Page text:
Comparative outcome studies of clinical decision support software: limitations to the practice of evidence-based system acquisition

Gaurav J ay Dhiman, Kyle T. Amber, Kenneth Goodman

Research output: Contribution to journalArticle

1 Scopus citations

Abstract

Clinical decision support systems (CDSSs) assist clinicians with patient diagnosis and treatment. However, inadequate attention has been paid to the process of selecting and buying systems. The diversity of CDSSs, coupled with research obstacles, marketplace limitations, and legal impediments, has thwarted comparative outcome studies and reduced the availability of reliable information and advice for purchasers. We review these limitations and recommend several comparative studies, which were conducted in phases; studies conducted in phases and focused on limited outcomes of safety, efficacy, and implementation in varied clinical settings. Additionally, we recommend the increased availability of guidance tools to assist purchasers with evidence-based purchases. Transparency is necessary in purchasers' reporting of system defects and vendors' disclosure of marketing conflicts of interest to support methodologically sound studies. Taken together, these measures can foster the evolution of evidence-based tools that, in turn, will enable and empower system purchasers to make wise choices and improve the care of patients.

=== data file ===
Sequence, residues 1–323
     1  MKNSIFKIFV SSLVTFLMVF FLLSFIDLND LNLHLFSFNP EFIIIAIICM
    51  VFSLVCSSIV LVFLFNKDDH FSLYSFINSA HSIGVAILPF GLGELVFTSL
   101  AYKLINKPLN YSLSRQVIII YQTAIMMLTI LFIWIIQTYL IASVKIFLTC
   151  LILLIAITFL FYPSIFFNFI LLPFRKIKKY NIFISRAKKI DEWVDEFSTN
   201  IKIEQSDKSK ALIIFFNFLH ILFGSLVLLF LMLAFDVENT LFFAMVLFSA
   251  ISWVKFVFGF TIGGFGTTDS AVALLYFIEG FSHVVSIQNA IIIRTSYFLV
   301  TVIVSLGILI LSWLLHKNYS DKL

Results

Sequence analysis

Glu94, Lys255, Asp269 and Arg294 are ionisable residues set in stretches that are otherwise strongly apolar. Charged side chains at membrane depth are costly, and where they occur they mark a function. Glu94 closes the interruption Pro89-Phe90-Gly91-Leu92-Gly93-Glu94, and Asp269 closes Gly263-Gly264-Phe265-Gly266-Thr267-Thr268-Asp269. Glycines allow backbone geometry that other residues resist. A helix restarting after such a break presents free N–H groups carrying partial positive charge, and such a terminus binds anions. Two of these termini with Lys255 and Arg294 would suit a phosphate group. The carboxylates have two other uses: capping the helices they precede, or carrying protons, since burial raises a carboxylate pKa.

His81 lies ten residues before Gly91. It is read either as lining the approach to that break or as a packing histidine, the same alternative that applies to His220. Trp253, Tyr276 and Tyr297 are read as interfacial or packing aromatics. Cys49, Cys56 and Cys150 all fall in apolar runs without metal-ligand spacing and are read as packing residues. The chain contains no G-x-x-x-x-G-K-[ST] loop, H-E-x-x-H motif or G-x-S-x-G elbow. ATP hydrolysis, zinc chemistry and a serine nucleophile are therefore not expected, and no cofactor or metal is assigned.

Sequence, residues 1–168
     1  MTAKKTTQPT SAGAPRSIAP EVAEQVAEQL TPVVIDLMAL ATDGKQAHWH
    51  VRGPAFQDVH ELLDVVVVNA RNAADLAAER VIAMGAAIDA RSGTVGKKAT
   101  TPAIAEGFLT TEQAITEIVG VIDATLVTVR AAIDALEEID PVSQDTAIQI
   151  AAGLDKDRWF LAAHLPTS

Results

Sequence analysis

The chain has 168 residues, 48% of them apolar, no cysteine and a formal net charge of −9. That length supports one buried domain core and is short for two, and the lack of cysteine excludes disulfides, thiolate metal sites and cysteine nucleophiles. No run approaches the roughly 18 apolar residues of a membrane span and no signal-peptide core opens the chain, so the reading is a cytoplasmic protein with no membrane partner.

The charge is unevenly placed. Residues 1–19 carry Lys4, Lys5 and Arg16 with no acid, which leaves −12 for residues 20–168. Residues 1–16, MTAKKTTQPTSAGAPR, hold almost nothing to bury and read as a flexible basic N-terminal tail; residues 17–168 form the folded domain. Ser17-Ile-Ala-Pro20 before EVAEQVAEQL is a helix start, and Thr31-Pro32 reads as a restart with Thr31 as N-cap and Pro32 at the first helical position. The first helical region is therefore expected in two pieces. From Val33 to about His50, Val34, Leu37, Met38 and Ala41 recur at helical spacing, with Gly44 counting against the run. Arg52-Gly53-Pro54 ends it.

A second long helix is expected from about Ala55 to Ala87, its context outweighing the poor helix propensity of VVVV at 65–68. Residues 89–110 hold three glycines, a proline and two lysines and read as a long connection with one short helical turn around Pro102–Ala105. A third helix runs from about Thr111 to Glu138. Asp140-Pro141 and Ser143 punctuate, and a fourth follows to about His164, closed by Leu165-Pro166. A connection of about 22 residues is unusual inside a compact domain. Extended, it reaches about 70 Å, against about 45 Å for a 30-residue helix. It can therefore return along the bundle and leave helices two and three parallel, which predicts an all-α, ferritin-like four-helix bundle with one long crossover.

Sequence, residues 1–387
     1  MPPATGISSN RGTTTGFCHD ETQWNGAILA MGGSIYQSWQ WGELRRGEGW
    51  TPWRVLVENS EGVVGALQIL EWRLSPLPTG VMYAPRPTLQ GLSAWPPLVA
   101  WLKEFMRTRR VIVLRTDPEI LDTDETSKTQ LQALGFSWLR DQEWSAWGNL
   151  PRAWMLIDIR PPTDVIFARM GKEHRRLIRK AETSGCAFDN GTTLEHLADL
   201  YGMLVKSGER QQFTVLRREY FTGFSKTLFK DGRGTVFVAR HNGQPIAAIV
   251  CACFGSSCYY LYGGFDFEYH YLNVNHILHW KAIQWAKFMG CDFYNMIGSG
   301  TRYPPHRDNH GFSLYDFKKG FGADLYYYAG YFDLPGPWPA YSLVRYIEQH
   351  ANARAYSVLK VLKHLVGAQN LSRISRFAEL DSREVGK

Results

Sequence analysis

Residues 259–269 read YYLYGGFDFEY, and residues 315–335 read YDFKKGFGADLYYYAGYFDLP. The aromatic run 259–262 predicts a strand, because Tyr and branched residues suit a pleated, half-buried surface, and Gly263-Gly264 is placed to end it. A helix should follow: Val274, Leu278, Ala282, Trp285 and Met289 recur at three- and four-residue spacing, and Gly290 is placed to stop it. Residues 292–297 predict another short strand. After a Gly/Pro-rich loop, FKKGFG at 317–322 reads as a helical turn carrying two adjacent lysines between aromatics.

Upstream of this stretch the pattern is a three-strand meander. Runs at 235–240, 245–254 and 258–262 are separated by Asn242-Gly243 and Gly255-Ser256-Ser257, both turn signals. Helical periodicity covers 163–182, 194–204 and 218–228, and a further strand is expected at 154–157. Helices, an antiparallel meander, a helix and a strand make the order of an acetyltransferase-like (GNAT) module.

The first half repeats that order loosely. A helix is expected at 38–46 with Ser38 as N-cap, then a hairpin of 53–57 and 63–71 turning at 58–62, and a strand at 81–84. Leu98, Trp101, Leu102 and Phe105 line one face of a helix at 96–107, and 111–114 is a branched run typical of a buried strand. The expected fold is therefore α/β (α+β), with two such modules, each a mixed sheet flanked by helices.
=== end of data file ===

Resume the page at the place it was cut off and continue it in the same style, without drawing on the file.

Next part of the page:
Original languageEnglish (US)
Pages (from-to)e13-e20
JournalJournal of the American Medical Informatics Association
Volume22
Issue numbere1
DOIs
StatePublished - Apr 1 2015

Keywords

  • clinical decision support systems
  • comparative study
  • marketing
  • medical economics
  • medical ethics

ASJC Scopus subject areas

  • Medicine(all)

Fingerprint Dive into the research topics of 'Comparative outcome studies of clinical decision support software: limitations to the practice of evidence-based system acquisition'. Together they form a unique fingerprint.

  • Cite this